New web-based CAM Slicer, GCode toolpath generator

I’ve been working on a new tool that does FDM, Laser and CAM all in one. Today I turned on the CAM mode for toolpath generation. I have an X-Carve at home and have tested importing the generated gcode into Easel and Chilipeppr. If you’re interested, please check out the intro video then head over to check out the tool (aka kiri:moto) … I hope you enjoy and find this highly useful. Keep in mind, this is the very first release of this code and you will certainly find deficiencies and bugs. I welcome your feedback and suggestions. New minor releases will likely go live every 1-3 days.


Very interested. If i have enough time i will try it this weekend.

please do. I just put out a release with a bunch of new features:

This looks terrific! I do a lot of raster 3D milling, and your roughing pass looks tons more efficient than dmap2gcode. I haven’t tried the resulting gcode on my XCarve yet, but I hope to in the next few days.

Is there a way that I can export the roughing pass separately from the finishing pass, or is there a pause in the gcode that will let me change bits?

Can I select which corner to place my origin instead of just having a check box for center?

Finally, it appears that selecting “linear x” generates passes with the majority of motion on the y-axis, which seems counter-intuitive to me.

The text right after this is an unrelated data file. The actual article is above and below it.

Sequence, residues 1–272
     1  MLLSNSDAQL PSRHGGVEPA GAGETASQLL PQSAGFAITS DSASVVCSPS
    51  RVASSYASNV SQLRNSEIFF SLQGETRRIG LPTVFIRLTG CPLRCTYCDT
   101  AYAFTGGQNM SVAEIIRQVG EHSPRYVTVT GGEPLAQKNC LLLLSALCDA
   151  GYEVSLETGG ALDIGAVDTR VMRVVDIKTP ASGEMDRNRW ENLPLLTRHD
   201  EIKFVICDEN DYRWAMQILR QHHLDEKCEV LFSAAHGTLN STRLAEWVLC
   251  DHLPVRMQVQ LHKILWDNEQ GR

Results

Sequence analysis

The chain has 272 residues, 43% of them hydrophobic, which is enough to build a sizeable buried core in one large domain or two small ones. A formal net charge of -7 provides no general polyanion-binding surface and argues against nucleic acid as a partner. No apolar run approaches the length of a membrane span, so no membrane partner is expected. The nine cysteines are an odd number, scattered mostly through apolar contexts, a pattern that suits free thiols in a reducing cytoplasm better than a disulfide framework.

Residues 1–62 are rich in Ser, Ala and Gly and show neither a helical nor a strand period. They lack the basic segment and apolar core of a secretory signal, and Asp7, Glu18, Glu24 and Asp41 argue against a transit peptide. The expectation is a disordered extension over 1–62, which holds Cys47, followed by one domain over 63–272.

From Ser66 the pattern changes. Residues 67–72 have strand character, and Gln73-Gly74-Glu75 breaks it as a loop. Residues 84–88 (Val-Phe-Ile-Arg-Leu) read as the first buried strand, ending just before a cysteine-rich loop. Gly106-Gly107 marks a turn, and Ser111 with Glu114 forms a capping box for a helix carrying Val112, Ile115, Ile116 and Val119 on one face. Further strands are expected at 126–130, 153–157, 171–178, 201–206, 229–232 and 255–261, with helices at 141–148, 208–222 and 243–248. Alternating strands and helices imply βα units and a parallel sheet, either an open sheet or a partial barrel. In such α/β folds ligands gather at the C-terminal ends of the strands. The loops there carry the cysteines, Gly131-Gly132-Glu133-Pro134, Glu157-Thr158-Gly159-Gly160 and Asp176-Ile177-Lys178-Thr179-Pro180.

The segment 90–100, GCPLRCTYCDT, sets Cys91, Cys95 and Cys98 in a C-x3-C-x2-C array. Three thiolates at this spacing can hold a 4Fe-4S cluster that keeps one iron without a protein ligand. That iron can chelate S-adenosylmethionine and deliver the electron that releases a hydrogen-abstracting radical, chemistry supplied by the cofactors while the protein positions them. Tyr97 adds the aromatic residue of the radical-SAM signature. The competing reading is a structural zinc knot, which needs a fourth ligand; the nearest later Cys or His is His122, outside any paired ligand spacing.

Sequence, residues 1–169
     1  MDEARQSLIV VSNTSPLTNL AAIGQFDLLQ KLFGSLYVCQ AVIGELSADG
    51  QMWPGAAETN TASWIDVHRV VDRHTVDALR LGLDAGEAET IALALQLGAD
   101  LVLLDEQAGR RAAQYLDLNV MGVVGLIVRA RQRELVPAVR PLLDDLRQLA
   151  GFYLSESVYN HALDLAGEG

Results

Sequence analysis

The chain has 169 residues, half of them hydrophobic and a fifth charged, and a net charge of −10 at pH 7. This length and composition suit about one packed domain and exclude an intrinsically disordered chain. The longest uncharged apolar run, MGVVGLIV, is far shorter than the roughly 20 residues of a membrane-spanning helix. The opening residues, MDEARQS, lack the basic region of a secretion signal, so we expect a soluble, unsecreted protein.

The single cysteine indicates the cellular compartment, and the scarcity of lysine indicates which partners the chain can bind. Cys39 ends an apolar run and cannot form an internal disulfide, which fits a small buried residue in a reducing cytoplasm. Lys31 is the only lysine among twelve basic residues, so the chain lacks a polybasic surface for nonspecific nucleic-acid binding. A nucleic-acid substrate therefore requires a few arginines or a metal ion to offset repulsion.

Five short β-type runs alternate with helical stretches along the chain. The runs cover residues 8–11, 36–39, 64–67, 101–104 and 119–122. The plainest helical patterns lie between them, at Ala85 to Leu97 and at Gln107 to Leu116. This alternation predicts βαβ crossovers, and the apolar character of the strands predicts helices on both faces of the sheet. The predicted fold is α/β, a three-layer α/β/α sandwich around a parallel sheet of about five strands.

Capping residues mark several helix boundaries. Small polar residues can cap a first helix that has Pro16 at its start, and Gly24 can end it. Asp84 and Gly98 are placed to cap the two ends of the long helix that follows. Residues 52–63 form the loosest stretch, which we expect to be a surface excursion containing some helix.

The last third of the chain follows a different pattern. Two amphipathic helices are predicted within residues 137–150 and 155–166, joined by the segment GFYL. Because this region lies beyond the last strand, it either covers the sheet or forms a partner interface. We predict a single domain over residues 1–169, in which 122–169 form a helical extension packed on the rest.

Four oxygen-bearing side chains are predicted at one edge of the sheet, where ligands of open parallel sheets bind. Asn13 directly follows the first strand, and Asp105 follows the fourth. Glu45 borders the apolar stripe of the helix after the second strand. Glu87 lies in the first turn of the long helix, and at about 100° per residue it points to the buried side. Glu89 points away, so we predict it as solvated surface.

You can select/deselect each step if you only want one and export separate gcode chunks. Alternatively, you can use different tools for roughing and finishing passes and it will emit an M6 tool change. You can setup two of the same tool with different tool #s if you just want a pause between passes. Also, you can customize the gcode template to add a full script on a tool change event. Adding more “intervention” scripting points is possible. If you need more control, just ask.

I’m pretty happy about the curves-only feature which makes it possible to do fast raster milling with chamfered and fillet edges top and bottom.

I understand the confusion on x/y linear. In the code, the linear passes are named for the axis of progression of traces. In the case of linear X, for each X increment it traces along Y.

also, for origin, you can uncheck “origin center” under output in which case the bottom left corner of the platform becomes 0,0 … then just move the part where you want to cut it from that offset.

Looks very clean and well organized. I will have to give it a try.

Thanks for the quick reply! I have a few more questions now, because I’m still getting confusing behavior:

When you say “select/deselect each step”, do you mean have the little tab for “roughing” or “finishing” expanded/collapsed, or do you mean checking/unchecking the process in the “layers” tab?

Does the roughing pass automatically do a raster-like pass over the whole domain?